I finally was able to go today to an exhibit at the The Jewish Museum called Curious George Saves the Day: The Art of Margret and H.A. Rey. I was there for hours. There were so many documents and illustrations to view and so much posted backstory to read. And there was a very interesting interactive piece as well. It was exceedingly well mounted, and some of the artwork is presented in a house visually similar to the blue home where the Reys lived in New York City.
This is from their website:
"Curious George, the beloved, irrepressible monkey of children’s book lore, is famous for his ability to “save the day.” Interpreting the role he played in safeguarding his own creators in times of danger as symbolic, this exhibition delves into the remarkable lives and works of Margret and H. A. Rey. The couple fled Paris in 1940 with a Curious George manuscript in their suitcase. During a tense inspection of their belongings by a border official, children’s illustrations were found and they were allowed to continue on their way, eventually reaching the United States.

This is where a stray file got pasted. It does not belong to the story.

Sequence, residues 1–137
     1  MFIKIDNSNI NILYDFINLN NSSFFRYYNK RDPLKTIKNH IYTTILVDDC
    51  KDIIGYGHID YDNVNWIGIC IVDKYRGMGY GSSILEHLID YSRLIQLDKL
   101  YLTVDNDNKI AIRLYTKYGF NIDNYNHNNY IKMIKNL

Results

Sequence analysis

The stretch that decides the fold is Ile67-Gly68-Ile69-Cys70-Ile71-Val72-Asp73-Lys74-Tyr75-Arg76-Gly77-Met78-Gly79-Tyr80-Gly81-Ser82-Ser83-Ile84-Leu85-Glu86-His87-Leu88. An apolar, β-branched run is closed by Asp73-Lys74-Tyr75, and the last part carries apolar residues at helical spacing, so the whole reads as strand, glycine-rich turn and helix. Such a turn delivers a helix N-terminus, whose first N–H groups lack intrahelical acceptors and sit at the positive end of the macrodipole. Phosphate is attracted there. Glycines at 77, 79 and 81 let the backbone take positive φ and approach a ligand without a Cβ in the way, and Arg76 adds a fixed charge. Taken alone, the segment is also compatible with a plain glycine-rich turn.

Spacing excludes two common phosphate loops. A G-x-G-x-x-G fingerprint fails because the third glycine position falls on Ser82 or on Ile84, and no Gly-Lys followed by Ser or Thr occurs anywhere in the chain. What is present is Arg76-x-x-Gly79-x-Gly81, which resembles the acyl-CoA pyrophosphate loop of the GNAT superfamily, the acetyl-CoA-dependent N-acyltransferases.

Featuring nearly eighty original drawings and preparatory dummies for Margret and H. A. Rey children’s books and documentation related to their escape from Nazi-occupied Europe, the exhibition will examine the parallels between the obstacles the Reys faced and the drawings that may have saved their lives. The story of their life in Paris and narrow escape is also told through an interactive timeline."
This is the front of the card I bought at the Jewish Museum's store.
I also got the wonderful book, "The Journey That Saved Curious George," by Louise Borden with illustrations by Allen Drummond. It is the story of the true wartime escape of Margret and H. A. Rey.